New Kids on the Block


Introducing the New Members to the Maison/Made Farm

With the new growing season already here, our minds are currently focused on the Maison/Made farm in Burgundy. After the final harvest last year, we put the land to rest by planting some winter crops, protecting the perennials from extreme weather, and then simply leaving the soil to hibernate. Having done so has given us a greater potential for this year’s crops, since the soil has had the time and nutrients needed to regenerate. And now will come all the new plants that we are introducing to the farm! Some will receive their own brand new plots (we doubled our plot size this year) and some will either be in pots or share a space in our “experimental bed”, where we introduce new plants to test if they like our soil and have the ability to thrive or not.

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The process of selecting the new plants for 2019 was both exhaustive and exciting. Knowing that we still operate with a small team we knew that we couldn’t introduce ALL the plants that we were attracted to. Of course we kept all the plants that we grew in 2018, and because they all survived the 2nd hottest summer on record for France, we are confident that their offspring should be vibrant and strong. We started with a list of over 60 plants we want to (eventually) grow on the farm and, somewhat painstakingly, whittled the list down to 20… Not exactly a small list, but hey, the sooner the better right?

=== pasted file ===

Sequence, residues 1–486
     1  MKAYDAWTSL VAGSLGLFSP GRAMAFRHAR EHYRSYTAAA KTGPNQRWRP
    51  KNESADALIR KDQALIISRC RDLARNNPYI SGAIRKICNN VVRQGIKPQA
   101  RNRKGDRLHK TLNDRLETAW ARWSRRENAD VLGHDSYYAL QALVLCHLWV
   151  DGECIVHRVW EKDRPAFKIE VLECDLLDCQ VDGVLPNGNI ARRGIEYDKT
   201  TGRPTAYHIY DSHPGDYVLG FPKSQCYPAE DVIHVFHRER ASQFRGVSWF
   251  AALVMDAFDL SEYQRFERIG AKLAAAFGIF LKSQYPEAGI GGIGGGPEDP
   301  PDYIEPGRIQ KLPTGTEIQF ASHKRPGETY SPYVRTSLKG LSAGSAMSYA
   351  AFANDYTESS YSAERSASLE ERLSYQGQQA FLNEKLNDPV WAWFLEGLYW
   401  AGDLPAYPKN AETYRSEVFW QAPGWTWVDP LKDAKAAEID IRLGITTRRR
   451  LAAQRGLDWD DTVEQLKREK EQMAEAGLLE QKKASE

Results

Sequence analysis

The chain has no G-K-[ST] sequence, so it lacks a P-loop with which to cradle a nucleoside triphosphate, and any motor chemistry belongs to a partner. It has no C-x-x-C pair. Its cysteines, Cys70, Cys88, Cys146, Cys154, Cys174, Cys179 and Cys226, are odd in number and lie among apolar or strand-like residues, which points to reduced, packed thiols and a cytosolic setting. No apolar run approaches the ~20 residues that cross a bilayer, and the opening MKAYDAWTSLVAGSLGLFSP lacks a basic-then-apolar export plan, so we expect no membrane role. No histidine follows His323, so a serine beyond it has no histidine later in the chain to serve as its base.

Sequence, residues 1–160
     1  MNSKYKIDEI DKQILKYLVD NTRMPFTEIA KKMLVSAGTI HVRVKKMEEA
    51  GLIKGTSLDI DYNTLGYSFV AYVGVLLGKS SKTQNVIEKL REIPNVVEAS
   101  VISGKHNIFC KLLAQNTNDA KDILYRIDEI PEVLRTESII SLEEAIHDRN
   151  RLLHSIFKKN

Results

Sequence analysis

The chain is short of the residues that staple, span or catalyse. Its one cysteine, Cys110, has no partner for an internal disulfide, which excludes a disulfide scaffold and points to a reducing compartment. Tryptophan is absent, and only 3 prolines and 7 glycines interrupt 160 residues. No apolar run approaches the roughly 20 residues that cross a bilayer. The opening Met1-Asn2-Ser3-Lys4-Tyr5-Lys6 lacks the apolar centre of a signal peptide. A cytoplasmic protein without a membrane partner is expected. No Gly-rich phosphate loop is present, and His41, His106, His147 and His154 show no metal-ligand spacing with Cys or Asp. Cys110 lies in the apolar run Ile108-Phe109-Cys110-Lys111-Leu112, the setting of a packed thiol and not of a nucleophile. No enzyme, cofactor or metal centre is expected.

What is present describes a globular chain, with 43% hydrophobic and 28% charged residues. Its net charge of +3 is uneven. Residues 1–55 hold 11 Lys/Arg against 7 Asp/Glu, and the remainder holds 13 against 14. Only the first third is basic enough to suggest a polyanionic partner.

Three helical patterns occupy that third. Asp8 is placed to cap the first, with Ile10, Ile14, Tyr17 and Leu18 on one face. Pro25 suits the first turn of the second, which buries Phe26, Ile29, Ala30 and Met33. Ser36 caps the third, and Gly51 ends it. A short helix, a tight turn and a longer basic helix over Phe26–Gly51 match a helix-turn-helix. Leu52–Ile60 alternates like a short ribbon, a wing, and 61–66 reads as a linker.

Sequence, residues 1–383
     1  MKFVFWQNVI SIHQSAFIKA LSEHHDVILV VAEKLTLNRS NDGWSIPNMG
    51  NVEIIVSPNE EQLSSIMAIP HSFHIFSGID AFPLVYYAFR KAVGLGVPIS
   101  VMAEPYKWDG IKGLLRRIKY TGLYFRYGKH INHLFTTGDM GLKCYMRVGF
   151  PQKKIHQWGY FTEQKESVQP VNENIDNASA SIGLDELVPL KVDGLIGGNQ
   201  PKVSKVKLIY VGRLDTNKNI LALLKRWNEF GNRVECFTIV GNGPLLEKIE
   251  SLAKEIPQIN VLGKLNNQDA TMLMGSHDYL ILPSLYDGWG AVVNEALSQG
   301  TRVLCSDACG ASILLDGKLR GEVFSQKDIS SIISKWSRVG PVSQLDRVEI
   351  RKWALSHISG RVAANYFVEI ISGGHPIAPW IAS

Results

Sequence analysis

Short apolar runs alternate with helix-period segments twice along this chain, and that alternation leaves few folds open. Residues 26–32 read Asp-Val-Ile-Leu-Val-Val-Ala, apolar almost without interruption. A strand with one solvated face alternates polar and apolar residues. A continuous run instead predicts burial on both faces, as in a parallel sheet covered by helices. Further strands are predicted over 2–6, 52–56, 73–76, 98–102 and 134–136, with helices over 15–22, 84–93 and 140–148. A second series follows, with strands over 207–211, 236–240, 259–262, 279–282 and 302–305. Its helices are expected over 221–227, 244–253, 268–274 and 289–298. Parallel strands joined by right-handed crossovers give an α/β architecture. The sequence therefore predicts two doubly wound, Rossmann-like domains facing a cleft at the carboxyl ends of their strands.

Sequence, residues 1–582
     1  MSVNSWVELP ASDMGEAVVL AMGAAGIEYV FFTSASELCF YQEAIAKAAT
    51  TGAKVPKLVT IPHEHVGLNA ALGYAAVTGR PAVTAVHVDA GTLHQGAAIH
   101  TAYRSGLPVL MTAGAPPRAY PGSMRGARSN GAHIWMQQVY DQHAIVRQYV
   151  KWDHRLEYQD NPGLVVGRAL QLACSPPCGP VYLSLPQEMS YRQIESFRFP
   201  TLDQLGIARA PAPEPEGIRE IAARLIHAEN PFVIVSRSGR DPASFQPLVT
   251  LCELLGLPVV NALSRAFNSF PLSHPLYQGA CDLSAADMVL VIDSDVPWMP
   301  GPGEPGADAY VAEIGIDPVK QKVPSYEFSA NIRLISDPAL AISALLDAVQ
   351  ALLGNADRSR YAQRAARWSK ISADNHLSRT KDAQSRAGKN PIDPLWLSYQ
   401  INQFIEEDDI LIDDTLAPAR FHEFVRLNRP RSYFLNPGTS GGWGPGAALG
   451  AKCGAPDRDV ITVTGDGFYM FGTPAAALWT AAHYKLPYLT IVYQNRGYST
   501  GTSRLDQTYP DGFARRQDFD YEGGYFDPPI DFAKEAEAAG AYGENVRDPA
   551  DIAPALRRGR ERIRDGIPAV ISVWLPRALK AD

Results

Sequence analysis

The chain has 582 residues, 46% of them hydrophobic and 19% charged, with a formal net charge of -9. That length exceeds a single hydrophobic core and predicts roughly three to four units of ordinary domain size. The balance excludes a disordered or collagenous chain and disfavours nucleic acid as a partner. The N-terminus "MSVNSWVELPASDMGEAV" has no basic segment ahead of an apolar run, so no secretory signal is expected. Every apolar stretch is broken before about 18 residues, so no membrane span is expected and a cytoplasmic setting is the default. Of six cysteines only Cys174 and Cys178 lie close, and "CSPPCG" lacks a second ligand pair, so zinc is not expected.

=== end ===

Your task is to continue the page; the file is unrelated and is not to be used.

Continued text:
Of the 20 I’ll highlight 5 of the plants that we are excited about introducing to the farm. Some of these will make it directly into the Restorative Antioxidant Serum, and others into products that are still currently in the development stages (yes, more are coming!). If you are interested in reading more about the ones we planted in 2018, head over to our earlier post about why some of these plants were chosen.

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Gotu Kola